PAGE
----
Now, let’s open the Word of God to the fifty-third chapter of Isaiah. This is our sixth journey into this marvelous chapter and with every passing week as I survey the text that is here and all of the trails that it leads to other places, I am reminded of how fathomless this chapter really is. One could spend a lifetime here and going from here to all of the things that are implied and elucidated by this great chapter.
Isaiah 53 poses a challenge to any preacher and that is to edit himself so that it does not become overly cumbersome and you miss the main point. I’m fighting against that a little bit. I’m further challenged because I normally prepare to have a beginning and an end and a middle, a whole sermon--I did last week--and to cover verses 4 through 6. I didn’t make it. I got through verses 4 and 5, two thirds of the way, but we didn’t have enough time for verse 6. So I have sort of a third of a message left. Well that presents to me is a great opportunity then to fill in with things that are really needful and related and I think helpful. It allows me to take a tangent of necessity rather than whim. And I’m going to do that with you a little bit this morning.
It is always helpful to me to get altitude when I’m looking at a passage. The higher above the passage I get, the further the range of what I see. And I even love to get 40 thousand feet above the passage and I can look down and see everything from Genesis to Revelation and then eventually kind of get down out of that altitude and put the landing wheels down and arrive at the given passage that we’re looking at. And that’s what we’re going to do. I want to get some altitude here for you and then we’ll eventually put our wheels down in a little while at Isaiah 53 and wrap up our understanding of verses 4 through 6. But I want to start from a much wider perspective.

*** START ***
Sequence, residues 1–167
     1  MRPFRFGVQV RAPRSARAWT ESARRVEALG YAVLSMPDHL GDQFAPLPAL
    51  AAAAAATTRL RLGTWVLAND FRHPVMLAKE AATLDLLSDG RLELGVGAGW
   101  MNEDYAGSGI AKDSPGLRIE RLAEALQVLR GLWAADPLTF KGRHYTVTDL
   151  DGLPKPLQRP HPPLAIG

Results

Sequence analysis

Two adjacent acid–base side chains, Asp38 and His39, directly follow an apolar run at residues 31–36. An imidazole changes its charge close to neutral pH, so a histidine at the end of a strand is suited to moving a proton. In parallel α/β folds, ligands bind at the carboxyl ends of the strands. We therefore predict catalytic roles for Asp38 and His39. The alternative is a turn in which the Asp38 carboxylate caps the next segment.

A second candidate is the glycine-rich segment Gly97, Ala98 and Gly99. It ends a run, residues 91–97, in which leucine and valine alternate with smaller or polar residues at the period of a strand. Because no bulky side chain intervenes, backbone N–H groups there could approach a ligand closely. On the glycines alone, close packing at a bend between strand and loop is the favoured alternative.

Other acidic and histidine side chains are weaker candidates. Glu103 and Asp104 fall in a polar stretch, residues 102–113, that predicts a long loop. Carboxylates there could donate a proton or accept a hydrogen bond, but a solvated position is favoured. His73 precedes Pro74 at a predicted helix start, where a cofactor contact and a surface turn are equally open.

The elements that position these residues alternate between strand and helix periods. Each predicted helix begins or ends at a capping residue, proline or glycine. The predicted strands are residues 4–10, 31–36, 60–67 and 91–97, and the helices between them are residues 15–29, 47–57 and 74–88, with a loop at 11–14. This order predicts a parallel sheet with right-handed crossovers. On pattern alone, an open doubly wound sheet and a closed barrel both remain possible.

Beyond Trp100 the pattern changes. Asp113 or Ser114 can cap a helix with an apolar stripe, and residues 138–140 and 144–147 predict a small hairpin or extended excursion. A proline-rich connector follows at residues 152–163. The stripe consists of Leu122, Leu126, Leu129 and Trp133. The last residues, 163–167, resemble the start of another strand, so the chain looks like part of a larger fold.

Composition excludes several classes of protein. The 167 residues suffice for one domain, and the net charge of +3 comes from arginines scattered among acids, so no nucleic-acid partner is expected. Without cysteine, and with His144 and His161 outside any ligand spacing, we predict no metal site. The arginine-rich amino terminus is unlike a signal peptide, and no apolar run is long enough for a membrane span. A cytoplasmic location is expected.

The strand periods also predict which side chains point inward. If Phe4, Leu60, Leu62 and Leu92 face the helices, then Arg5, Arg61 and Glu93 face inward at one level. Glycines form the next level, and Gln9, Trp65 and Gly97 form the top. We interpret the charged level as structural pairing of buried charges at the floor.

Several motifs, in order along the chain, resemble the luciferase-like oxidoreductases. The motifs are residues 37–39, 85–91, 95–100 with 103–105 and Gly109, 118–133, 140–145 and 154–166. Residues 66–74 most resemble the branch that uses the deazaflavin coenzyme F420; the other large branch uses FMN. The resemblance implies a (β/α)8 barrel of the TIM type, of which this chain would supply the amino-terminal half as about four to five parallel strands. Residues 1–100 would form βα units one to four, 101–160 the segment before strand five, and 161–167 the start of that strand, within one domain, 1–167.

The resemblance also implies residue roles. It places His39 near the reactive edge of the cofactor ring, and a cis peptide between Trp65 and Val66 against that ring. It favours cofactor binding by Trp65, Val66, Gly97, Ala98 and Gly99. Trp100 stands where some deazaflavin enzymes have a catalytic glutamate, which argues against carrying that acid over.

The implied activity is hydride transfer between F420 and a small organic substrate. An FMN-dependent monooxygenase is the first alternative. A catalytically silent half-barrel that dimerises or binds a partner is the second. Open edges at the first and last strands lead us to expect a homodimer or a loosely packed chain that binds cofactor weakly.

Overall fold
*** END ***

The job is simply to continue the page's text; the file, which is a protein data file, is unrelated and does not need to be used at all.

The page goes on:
The history of the Jewish people is the most remarkable ethnic history in the history of the world. It is a long and amazing saga of survival from their point of view. To think that there are still Jews in the world, and 14 or 15 million of them at that, is to understand that they have survived when all odds were against that survival. Nobody here has ever met a Hivite, a Jebusite, a Perizzite, an Amorite, or any other “ite” from the Old Testament because they’re long gone. But we actually have Israelites sitting here today and many of them in our church and there are many of them around the world and they are that pure strain of Jews that has gone down through the history of the Old Testament and the New Testament right through until today. From their viewpoint, it is a great story of survival. However, from God’s viewpoint, it is an even more amazing story of preservation.
I suppose that we could hail the human side of it and say this is a people so committed to their perpetuation and their existence that they are THE greatest testimony to the will to survive of any people in the history of the world. But from the divine viewpoint, we would have to hedge that a little bit and say this is not a story of the human will to survive, or to stay together as a nation. This is rather a story of divine protection and divine preservation. There are still Jews in the world because God has made sure there are still Jews in the world. They are still identifiable to their very tribe, although they don’t know what tribe they belong to because the records were destroyed in 70 A.D. when the Romans destroyed the temple. God knows what tribe they’re in and God will re-identify those tribes and pick out twelve thousand from each tribe to constitute the 144 thousand Jews who will preach the gospel at the end of human history. They will still be able to be identified with their original tribes, even in the time of Tribulation right before the return of Jesus Christ. They are a remarkable story.